The SACROC Unit, one of the nation's largest oil fields, initiated a giant carbon dioxide, (C02) injection project on January 26, 1972. This miscible flood will be the largest secondary recovery project of this type ever undertaken, and is estimated to recover an additional 230 million barrels of oil. The significance of this increase in oil reserves may be realized when it is noted that a field with reserves of this magnitude has not been discovered in the United States for 10 years-with the exception of Alaska.


This project will require the injection of 629 billion cubic feet (37 million tons) of C02over an approximate 9 year period into 202 pattern injection wells. The total cost of the project is estimated to be in excess of $175,000,000, which includes a field C02 and water distribution system and conversion of the pattern wells to injection at SACROC, expansion of SACROC's producing and water injection facilities; the installation of the C02 delivery system and the purchase and transportation of C02 to SACROC. The C02 will be transported through a 220 mile pipeline system from Val Verde Basin gas fields in Southwest Texas to SACROC requiring 81,000 HP compressor capacity to deliver the C02 at a final pressure of 2400 psi. Canyon Reef Carriers, Inc. (CRC) has been formed by the major SACROC owners to construct and operate the C02 pipeline system.

This paper summarizes the management, engineering and planning considerations in the design and implementation of this project. It has required the assistance and cooperation of the legal, financial and engineering representatives from SACROC's major owners and a major facility expansion by the 3 gasoline plants, 5 oil pipeline companies and 2 gas purchasers' pipelines which service the SACROC Unit.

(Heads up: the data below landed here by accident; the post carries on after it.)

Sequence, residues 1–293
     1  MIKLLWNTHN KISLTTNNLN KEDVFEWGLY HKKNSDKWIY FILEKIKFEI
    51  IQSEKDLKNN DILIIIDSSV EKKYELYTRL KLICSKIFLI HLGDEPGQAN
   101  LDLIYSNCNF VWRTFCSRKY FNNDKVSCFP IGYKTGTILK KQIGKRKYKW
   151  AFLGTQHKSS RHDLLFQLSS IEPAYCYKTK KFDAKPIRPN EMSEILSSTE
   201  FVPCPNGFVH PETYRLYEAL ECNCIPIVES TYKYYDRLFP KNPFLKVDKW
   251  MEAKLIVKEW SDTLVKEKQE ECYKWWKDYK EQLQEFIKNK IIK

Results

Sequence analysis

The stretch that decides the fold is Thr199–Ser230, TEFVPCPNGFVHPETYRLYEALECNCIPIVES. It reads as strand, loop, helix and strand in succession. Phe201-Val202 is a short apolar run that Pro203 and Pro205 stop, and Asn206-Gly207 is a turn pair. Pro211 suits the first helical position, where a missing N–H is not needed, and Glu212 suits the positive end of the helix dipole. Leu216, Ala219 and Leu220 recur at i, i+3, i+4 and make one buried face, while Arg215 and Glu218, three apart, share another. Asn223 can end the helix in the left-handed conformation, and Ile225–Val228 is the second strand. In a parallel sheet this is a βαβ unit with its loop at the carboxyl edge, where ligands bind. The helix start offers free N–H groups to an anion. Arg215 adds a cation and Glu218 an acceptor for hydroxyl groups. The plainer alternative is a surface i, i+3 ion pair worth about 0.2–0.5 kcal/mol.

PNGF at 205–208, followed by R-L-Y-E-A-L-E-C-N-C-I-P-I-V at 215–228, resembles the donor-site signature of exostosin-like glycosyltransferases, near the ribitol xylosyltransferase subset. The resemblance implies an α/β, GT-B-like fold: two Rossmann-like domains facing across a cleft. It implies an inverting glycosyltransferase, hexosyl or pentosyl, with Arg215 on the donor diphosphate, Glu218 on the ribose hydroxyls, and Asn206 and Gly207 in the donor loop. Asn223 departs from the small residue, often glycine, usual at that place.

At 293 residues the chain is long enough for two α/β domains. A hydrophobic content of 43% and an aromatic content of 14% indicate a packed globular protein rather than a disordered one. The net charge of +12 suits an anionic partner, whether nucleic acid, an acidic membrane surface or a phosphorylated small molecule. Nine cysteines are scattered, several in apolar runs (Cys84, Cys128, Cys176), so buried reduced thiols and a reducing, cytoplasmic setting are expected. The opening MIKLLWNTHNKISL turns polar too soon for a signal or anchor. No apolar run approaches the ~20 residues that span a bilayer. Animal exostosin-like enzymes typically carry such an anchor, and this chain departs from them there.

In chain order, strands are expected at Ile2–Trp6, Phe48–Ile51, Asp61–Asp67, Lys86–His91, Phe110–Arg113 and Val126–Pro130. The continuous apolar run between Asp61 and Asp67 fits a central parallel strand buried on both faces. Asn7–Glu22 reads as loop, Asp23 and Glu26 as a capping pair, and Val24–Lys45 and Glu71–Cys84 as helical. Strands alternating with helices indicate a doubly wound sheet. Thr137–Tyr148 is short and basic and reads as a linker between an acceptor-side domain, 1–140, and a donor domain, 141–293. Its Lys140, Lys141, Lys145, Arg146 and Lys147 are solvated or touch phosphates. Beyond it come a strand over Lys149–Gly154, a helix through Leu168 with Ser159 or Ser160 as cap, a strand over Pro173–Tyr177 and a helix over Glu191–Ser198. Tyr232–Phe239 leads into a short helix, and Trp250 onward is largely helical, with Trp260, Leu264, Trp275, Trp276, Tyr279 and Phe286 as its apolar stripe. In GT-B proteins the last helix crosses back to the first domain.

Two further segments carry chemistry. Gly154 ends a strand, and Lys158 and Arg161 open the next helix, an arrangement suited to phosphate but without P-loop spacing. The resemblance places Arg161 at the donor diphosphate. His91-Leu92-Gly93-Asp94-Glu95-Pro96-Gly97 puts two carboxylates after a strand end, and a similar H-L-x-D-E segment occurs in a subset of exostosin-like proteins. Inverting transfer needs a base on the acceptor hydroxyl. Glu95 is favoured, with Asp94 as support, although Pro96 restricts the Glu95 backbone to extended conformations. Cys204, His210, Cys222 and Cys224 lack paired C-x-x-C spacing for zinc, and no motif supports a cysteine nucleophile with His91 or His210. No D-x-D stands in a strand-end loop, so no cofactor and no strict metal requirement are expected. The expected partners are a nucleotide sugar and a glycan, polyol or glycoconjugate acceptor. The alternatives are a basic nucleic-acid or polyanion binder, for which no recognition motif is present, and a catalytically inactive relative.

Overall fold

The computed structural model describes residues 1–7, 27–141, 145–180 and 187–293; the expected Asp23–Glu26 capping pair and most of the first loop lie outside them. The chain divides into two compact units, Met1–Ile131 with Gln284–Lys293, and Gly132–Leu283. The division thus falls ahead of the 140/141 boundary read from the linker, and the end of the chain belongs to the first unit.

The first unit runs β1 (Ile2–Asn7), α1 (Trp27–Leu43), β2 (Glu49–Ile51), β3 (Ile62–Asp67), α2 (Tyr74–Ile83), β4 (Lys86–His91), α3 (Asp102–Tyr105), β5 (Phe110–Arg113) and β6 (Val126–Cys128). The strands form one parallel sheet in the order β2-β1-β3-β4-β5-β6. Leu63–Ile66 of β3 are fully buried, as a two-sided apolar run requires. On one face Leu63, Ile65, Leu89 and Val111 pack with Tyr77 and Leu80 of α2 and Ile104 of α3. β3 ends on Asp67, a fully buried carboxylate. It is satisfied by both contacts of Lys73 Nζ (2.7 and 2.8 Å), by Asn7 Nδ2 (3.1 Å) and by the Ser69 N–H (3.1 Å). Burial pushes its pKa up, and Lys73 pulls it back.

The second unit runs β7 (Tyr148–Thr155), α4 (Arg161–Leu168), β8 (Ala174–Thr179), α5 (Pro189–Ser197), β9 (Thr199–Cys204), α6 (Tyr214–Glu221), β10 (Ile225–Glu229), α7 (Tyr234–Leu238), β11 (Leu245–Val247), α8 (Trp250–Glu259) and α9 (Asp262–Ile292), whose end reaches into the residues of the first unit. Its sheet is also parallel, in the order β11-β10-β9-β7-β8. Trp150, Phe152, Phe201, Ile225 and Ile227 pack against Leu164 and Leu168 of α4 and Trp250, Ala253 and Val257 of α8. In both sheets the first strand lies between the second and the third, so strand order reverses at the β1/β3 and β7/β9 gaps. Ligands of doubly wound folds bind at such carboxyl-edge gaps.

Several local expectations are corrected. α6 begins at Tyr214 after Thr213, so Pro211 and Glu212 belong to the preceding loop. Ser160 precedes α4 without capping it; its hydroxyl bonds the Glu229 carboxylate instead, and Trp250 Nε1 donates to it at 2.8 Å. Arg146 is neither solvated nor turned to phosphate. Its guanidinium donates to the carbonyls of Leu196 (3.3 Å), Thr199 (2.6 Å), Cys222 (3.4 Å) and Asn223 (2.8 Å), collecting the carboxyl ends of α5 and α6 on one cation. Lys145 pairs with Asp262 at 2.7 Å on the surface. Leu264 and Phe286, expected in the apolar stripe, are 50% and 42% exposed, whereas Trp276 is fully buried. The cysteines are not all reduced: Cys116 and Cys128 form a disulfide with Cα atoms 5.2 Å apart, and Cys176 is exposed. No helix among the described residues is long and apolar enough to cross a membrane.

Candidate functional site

The SACROC Unit is located in West Texas near the town of Snyder in Scurry County, as shown in Figure 1. The 50,000 acre unit comprises 98% of the Kelly-Snyder Field and is the major unitized field among 4 units in the 35 mile by 5 mile Canyon Reef formation. The field was discovered in the fall of 1948 and by 1951 at least 2,000 wells had been drilled.

It became apparent from the rapid pressure decline that a pressure maintenance program would be required to prevent excessive loss of recoverable reserves. In 1953 the Texas Railroad Commission approved unitization of SACROC and the installation of a unique centerline water injection program. The waterflood project was initiated in 1954 and the performance since that time is shown in Figure 2. The SACROC Unit was first operated in three segments by Standard Oil Company of Texas, Sun Oil Company, and Mobil Oil Corporation under a joint Unit Manager's office until 1962 when Standard Oil of Texas (now Chevron Oil Company-Western Division) was elected operator. The Unit presently has 1256 wells which have produced more than 500 million barrels of oil to date. There are 329 working interest owners including almost all of the major oil companies in the nation and 2,750 royalty owners.

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